United States

California: FTB Addresses How to Apportion Losses When Start-Ups Have no “Sales”

Oct 10, 2016
From KPMG TaxWatch

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In its October 2016 Tax News publication, the Franchise Tax Board (FTB) addressed an issue facing many California start-ups—how to apportion losses generated in early years when a company has no “sales.” According to the FTB, it has received many requests for guidance on this issue. Under California law, when the standard allocation and apportionment provisions do not fairly represent the extent of a taxpayer's business activity in California, a taxpayer may petition for the use of an alternative method. Because a taxpayer with no sales has no sales factor (and California is a single-sales factor state for most taxpayers), such a result would not fairly reflect the taxpayer’s business activity in California for the tax years when NOLs are earned. For this reason, in the FTB’s view, an alternative apportionment methodology might be appropriate. The petition should set forth the facts demonstrating that the taxpayer has no sales for the taxable year in question and should propose a reasonable alternative to single sales factor apportionment that will result in sourcing the taxpayer’s losses in a manner that fairly reflects the extent of the taxpayer's business activity in California. The FTB has indicated it will work with taxpayers to fashion appropriate relief based on the facts and circumstances of each case.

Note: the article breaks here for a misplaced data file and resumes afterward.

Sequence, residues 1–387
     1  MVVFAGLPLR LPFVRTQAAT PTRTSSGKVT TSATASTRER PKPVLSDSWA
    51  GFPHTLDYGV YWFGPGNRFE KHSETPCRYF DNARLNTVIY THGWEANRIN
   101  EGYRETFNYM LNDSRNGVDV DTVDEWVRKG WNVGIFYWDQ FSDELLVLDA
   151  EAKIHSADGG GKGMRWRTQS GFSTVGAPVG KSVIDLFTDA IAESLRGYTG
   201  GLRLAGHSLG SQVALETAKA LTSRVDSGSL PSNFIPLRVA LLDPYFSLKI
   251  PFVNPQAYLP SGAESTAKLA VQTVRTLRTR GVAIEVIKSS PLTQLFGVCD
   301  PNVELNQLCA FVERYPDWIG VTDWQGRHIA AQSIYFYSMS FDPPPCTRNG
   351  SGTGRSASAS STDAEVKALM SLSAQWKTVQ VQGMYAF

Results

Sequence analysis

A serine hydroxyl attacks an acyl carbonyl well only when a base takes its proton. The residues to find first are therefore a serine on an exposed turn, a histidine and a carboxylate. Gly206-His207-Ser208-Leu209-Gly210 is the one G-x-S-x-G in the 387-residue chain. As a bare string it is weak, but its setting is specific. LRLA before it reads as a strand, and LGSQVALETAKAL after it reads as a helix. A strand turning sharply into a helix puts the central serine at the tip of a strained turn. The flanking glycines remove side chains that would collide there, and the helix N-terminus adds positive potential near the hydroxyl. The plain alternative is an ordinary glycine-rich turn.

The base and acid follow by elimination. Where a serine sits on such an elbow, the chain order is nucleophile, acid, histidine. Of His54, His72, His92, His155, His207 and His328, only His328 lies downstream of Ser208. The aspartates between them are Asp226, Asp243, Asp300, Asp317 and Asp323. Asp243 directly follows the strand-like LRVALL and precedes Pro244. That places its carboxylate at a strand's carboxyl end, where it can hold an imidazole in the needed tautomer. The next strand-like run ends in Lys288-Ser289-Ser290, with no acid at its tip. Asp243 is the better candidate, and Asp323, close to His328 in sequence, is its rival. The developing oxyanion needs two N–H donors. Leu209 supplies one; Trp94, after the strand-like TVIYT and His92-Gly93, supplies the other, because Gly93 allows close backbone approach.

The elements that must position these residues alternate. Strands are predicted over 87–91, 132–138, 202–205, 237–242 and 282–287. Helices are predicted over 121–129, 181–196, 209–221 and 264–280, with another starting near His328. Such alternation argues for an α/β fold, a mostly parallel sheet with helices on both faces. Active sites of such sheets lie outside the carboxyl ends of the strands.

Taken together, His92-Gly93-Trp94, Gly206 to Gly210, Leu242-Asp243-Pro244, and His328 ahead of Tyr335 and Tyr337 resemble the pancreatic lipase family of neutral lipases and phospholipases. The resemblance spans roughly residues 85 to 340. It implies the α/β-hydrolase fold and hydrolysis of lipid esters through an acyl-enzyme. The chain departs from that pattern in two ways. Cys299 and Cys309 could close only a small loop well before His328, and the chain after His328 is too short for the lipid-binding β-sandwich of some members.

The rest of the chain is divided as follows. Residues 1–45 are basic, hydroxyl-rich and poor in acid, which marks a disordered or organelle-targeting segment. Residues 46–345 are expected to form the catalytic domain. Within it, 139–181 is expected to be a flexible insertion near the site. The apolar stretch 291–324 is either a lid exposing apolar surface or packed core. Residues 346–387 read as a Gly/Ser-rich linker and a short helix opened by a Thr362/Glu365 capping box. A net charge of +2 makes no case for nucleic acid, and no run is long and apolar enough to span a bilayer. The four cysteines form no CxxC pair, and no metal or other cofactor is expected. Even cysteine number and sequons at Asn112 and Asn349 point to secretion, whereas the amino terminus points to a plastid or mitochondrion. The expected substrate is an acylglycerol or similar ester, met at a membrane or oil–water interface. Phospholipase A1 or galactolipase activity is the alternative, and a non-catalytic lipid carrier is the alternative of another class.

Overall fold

The newsletter also notes that the number of taxpayers seeking to permission to use alternative apportionment has increased significantly in recent years. In addition, the FTB has received an increasing number of inquiries as to what procedures need to be followed when submitting alternative apportionment requests. Thus, FTB staff recently requested authority to begin the Interested Parties Meeting process during which the FTB will consider drafting proposed regulations to outline procedures for submitting petitions. Please contact Steve Sims at 916-551-3133 with questions.


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The following information is not intended to be "written advice concerning one or more federal tax matters" subject to the requirements of section 10.37(a)(2) of Treasury Department Circular 230.

The information contained herein is of a general nature and based on authorities that are subject to change. Applicability of the information to specific situations should be determined through consultation with your tax adviser.